• Keep a UK credit file: One way you can do this is by using an international credit card from a UK provider or maintain a UK bank account from abroad.
  • Have work lined up in the UK: Having worked lined up in the UK when you return will certainly help your chances of securing a mortgage, although you may need to put some time in with your employer before making an application. Some lenders expect six months’ employment history, while others will accept three. If you’re returning to a previous job, your choice of lenders could be wider as this will give you a traceable employment history.

If you’re unable to boost your chances of securing a mortgage by doing the above, don’t panic.

There are specialist expat lenders out there who are more flexible when it comes to lending to the following…

  • Newly returned expats
  • Self-employed expats
  • Retired expats who are returning to the UK
  • Returning expats with bad credit (as long as the credit issue is over 6 years old)

UK mortgages for buying overseas

If you’re a British expat looking to purchase a property in the country you’re currently residing in, the following options may be available…

  • Use a specialist international lender that offers UK mortgages
  • Use a specialist UK mortgage provider that lends overseas
  • Remortgage a UK property to buy overseas
  • Alternately, some British expats may qualify for a mortgage from a local lender in their current country of residence

For more information see our guide to buying property overseas.

Eligibility criteria

Whether purchasing or remortgaging, the criteria is somewhat different for expats. Although remortgaging for expats is a little easier as they have a credit history that can be traced. The key issues facing those looking for expat mortgages in the UK are –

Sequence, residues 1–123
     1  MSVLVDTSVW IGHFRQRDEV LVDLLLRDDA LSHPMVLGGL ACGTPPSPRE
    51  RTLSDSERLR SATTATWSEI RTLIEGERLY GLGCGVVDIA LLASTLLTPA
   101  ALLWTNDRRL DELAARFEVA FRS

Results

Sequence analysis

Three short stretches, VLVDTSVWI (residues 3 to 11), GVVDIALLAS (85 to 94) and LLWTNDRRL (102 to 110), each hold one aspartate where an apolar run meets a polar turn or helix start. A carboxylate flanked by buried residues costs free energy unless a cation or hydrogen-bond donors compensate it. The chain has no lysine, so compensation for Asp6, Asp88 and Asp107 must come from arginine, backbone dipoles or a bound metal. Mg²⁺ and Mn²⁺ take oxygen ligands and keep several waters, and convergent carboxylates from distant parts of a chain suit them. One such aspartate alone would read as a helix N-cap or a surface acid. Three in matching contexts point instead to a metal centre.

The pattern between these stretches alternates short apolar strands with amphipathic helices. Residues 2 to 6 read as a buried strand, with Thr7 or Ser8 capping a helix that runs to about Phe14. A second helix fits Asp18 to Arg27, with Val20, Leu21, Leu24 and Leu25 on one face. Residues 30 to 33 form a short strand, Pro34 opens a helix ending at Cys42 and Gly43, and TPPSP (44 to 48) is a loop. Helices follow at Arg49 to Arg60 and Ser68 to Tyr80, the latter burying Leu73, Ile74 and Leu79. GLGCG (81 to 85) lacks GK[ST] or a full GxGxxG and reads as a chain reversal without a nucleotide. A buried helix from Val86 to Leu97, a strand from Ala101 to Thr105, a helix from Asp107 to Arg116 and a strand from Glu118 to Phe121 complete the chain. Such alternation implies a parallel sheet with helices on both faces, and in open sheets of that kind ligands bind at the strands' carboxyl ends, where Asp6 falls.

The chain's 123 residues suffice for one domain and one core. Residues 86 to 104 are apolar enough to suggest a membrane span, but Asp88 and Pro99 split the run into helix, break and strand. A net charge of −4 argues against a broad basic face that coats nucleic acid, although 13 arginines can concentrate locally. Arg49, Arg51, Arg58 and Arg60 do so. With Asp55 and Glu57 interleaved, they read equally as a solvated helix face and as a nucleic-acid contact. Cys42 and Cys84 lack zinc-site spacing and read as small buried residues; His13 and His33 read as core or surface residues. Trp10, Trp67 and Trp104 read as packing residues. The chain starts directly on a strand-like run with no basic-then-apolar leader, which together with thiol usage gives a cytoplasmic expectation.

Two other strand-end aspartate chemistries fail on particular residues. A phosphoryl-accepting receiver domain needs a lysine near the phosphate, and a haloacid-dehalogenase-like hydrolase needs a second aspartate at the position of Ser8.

• Credit history – If you have been overseas for a length of time, then your credit history may be hard to trace by UK lenders. The experienced brokers we work with know which specialist lenders may be willing to offer customers a mortgage despite having bad credit.
  • Income – Lenders deem those who earn their income outside of the UK to be a higher risk and may turn down an applicant if proof of income is difficult.
  • If you’re employed –
    • Lenders prefer applicants who work for an internationally recognised company (although this is not essential)
    • Payslips and other proof of earnings are usually required to be translated into English if necessary.
    • Some lenders may require your income to be paid into a UK bank account.
  • If you’re self-employed –
    • Accountant must be internationally recognised
    • The usual self-employed criteria may apply.

Expat mortgage deposit requirements

The deposit you will need for an expat mortgage is usually 25% of the property’s value, but this can vary depending on the location and the property type. A select few lenders may require less under the right circumstances.

As far as mortgage lenders are concerned, the more deposit you have, the more likely they are to offer you a mortgage, and the better the rates.

Finding a UK expat mortgage with a 10% deposit is possible, but you’ll need the right advice from one of the whole of market brokers we work with, who may be able to find you a specialist lender who would consider a 90% LTV mortgage for an expat.

Acceptable deposit sources